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The Trevor Noah controversy: When comedy offends




THE TONIGHT SHOW WITH JAY LENO -- Episode 4177 -- Pictured: Comedian Trevor Noah performs on January 6, 2012 -- The South African comedian recently found himself in hot water over past tweets. Photo by: Paul Drinkwater/NBC/NBCU Photo Bank
THE TONIGHT SHOW WITH JAY LENO -- Episode 4177 -- Pictured: Comedian Trevor Noah performs on January 6, 2012 -- The South African comedian recently found himself in hot water over past tweets. Photo by: Paul Drinkwater/NBC/NBCU Photo Bank
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The new host of the Daily Show has some Twitter skeletons in his closet. Should comedians be given a pass when it comes to offensive stereotypes?

Less than one day after Comedy Central announced 31-year-old Trevor Noah will replace John Stewart as host of The Daily show, some old tweets by the South African comedian have landed him in hot water.

In the hours following the announcement, internet sleuths uncovered a series of off-color jokes tweeted by Noah that could be considered offensive to Jews and women:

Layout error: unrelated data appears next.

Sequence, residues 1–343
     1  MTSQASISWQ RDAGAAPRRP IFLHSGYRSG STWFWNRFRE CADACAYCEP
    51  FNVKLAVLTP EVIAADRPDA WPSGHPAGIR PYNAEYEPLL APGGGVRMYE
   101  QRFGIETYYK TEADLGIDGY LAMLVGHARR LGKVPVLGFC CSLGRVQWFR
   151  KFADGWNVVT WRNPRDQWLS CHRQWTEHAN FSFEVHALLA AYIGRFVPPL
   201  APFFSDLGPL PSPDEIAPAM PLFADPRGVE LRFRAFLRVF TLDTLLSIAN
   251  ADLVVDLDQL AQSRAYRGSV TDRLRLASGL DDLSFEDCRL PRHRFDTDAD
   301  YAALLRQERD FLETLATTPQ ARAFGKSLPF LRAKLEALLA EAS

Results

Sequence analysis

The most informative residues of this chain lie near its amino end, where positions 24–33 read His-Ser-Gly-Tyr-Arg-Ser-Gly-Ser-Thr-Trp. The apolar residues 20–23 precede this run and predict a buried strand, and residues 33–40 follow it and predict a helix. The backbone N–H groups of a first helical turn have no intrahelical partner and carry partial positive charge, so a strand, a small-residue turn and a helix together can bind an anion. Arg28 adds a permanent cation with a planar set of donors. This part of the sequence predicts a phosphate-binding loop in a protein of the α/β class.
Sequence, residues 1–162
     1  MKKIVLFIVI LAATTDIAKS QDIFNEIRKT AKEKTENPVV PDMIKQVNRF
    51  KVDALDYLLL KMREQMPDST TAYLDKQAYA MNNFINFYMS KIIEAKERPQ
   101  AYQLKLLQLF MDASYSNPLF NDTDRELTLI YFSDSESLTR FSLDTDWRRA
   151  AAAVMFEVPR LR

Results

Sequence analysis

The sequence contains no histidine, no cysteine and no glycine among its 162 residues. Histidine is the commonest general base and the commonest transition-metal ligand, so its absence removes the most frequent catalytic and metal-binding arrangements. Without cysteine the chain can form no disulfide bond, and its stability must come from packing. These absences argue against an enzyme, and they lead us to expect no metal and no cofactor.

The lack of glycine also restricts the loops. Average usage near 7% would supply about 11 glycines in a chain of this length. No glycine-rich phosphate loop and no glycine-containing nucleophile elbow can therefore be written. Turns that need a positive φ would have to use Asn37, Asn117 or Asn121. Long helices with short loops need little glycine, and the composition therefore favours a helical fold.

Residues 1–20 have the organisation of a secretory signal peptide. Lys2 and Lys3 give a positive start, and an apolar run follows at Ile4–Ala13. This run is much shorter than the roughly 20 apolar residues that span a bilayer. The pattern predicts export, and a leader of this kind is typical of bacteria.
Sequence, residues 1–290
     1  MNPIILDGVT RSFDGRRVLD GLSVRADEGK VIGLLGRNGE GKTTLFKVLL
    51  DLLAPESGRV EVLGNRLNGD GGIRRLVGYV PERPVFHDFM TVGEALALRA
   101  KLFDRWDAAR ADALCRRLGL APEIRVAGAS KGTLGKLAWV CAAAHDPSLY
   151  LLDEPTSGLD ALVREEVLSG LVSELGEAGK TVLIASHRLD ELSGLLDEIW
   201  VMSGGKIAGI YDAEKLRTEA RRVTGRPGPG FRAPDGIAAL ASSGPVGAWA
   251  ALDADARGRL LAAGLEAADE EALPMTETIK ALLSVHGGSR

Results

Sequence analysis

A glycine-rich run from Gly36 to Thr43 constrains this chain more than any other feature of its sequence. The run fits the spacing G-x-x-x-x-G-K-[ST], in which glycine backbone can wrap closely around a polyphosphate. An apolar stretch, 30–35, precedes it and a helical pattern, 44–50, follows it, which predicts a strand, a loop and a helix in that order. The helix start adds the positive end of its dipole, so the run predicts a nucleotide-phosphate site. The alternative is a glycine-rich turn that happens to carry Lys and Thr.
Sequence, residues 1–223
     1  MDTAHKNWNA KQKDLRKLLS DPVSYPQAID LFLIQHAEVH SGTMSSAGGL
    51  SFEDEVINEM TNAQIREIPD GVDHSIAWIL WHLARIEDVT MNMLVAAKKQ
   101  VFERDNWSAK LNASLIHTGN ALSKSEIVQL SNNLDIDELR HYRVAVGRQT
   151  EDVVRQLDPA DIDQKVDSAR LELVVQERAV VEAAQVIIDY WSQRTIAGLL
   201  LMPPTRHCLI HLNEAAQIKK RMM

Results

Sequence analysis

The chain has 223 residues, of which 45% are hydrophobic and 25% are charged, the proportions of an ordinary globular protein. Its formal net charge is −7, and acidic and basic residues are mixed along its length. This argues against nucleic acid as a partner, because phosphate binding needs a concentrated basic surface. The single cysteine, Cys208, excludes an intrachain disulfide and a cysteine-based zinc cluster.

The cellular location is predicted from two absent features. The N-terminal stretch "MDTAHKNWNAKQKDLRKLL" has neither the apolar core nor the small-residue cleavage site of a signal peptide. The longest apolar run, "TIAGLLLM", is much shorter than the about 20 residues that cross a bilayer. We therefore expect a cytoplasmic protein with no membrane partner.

https://twitter.com/Trevornoah/status/4081446354

https://twitter.com/Trevornoah/status/162296270684295168

https://twitter.com/Trevornoah/status/281753454278483969

Comedy Central released a statement declaring their continued support for Noah Tuesday afternoon:

“Like many comedians, Trevor Noah pushes boundaries; he is provocative and spares no one, himself included,” the network said in its statement. It continued: “To judge him or his comedy based on a handful of jokes is unfair. Trevor is a talented comedian with a bright future at Comedy Central.”

Noah also tweeted a response to critics:

https://twitter.com/Trevornoah/status/583019964556152832

Comedians Alonzo Boden, Maz Jobrani and Kristina Wong joined Alex Cohen today to talk about when a joke stops pushing boundaries and starts being offensive.



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